Even my alarm clock beeps. Not when you’d expect it to. It beeps when I’m trying to wind down and go to sleep. It beeps when I set the alarm from “off” to “on”. I suppose the well-drawn little light with a bell symbolizing “alarm 1 has been set” is apparently not enough to get the point across. Nope, it needs to beep at full volume at me, irritating me in my sleepy state. The affect is even worsened if somebody is on the floor next to the bed in a sleeping bag, already asleep. Then they get to wake up by the alarm clock’s announcement “Hey, yeah you already asleep on the floor, I just wanted to let you know that I’m gonna wake you up again in 6 hours. In case you were worried you might get a good night’s rest.”
The only time an alarm clock should beep is if it is trying to raise me from the dead of 7am.
Ah yes, and then there is the computer beep. At some point in the early days of the Unix OS, some brilliant computer programmer discovered a most brilliant way to utilize that little piezo-electric buzzer that the salesman sold the motherboard manufacturer of his computer. “Sure, its a good idea to have a buzzer” said the salesman, “there are plenty of useful things that could be communicated through sound in a computer”.
Trying to delete a non-existent character is not one of them.
I’m at a unix console, and I realize that I started typing a filename incorrectly. I hit backspace, holding it down until all of the characters are gone. But, to my surprise, I get chastised and scoffed at by the PC when there are no more characters left to delete.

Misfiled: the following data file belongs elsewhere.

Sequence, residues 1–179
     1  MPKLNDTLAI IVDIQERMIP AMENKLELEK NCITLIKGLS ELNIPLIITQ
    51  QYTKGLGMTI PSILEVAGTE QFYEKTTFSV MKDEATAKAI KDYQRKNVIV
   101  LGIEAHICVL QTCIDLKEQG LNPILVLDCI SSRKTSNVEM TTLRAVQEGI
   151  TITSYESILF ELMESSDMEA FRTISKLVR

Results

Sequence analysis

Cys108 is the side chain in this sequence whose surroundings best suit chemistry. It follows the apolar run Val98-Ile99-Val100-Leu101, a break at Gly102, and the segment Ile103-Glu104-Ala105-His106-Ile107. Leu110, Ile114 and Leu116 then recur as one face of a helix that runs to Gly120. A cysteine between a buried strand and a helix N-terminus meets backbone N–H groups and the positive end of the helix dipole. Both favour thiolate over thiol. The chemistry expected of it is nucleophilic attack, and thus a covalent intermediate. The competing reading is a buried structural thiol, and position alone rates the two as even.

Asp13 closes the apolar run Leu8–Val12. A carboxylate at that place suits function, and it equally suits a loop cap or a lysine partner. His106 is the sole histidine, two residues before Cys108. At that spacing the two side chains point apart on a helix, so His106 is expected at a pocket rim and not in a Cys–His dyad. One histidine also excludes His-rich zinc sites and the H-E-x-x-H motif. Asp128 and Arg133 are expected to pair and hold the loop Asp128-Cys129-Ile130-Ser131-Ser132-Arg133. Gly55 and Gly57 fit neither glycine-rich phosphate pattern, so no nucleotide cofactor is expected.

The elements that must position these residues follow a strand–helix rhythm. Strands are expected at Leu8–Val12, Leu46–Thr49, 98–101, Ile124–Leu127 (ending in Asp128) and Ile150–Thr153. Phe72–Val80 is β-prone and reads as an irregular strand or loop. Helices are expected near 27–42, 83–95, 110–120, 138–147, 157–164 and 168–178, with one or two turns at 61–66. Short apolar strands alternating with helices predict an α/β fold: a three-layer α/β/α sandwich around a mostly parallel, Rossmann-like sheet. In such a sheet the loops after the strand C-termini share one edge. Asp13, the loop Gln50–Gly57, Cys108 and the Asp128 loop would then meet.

BEEP BEEP BEEP BEEP BEEP…
What? What did I break? Is the computer going to melt down? Is it dying? Is it erasing all of my files? Oh, no, its simply and harshly trying to tell me that when I hit backspace and no more characters disappear from under the cursor that there are no more characters to delete. Because that wasn’t obvious by the visual display that there are no more characters.
Let’s extend this feature to a text editor, please. I really want an entire classroom of focused students to know every single time I hit the delete key one too many times. Because that’s really, really, really important for everybody to know. I like everybody in my surroundings to be annoyed with my completely average butterfingers.
I don’t mind if a computer beeps to tell me “Hey, moron, you forgot to install a processor in me”. “You are about to delete the entire contents of your hard drive, as well as blow the face of Alaska off the planet.” is a pretty good time to beep. Maybe even twice, for that second part. Even “Hey, I’m rebooting because Windows is a piece of garbage and crashed” is acceptable. But please, don’t beep at me to tell me something which is otherwise mundane and obvious.
Hell for the programmer who made this initial decision and standardized it for years to come should be placement in a black room with nothing but a white “>” prompt. The only hope of entertainment of any sort or escape from this room is, in fact, the only object in the room, which is a backspace key. The backspace key only makes a beeping sound and causes the cursor to blink. Take eternity in that, sadistic programmer.
The piezo-electric salesman may have had his way with our electronics, but there is no need to continue this way. With a small amount of engineering effort and prototype testing, life with machines could be so much more tranquil if they are designed to yell at us at only the most appropriately important times.